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Thursday, August 4, 2011

How We Can Unlearn Our Students

A recent news story on CNN entitled "Unschoolers learn what they want, when they want," brings many questions to the forefront of any educational reform to the public school system. These Sudbury schools allow students to follow their curiosity and internal drive for learning in a way that puts life experiences at the pinnacle of the learning paradigm.

At a time when public education is experiencing further budget cuts, there are many things needed to restore public confidence and prevent more families from deciding that it is in their child's best interests to attend alternative or private schools.

Our students should be driving their own learning. The Ontario Curriculum is a foundation of knowledge and baseline content that should serve as a springboard for inquiry and experience in the pursuit of cultivating 'self-directed learners.'

Unschooling is a terrific climate to better meet the interests of our naturalist intelligence students (in Gardner's multiple intelligence theory). It is also a terrific opportunity to differentiate the environment and process for our students in a differentitated instruction teaching model.

So why can't we - in public school's - adopt approaches such as this and experiment with our own approaches to instruction and learning? Well, we can. There are many teachers out there that will quickly step forward as testers of these models and 'guinea pigs' for these educational experiments. With the right combination of support, funding, time, and even modeling, there are incredible prospects to revamp and retool our public education system's model for learning.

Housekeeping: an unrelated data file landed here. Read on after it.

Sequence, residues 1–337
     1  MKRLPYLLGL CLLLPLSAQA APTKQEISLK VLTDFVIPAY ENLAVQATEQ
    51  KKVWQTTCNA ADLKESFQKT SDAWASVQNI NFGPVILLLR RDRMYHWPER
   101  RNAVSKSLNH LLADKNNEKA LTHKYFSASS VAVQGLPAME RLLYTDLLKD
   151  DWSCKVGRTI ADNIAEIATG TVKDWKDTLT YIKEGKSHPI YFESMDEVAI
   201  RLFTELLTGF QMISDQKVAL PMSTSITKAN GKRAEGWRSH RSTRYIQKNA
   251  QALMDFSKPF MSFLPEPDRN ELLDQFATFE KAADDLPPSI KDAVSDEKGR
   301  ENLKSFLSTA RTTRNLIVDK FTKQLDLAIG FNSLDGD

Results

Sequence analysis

If we are to show the public that their options for private and alternative schooling are not 'cutting edge' or 'revolutionary,' but rather, that they mirror our public schools - only with a hefty price tag - not only can we restore confidence in our system, we can also meet the needs of our students in exciting and inspirational ways.

Unschooling holds that there needs to be an undoing of our school's work. Let's re-school the unschools by showing them that we are also ready to move forward and meet the 21st century with vigor and curiosity ourselves as leaders and educators.

Given the right publicity and media attention and we could have more families opting in to their right to a publicly-funded education; instead of footing the bill to find a service that they feel fills a void. We expose and address that void; we will gain the respect and momentum of a public shifting back to our classrooms with confidence and trust.

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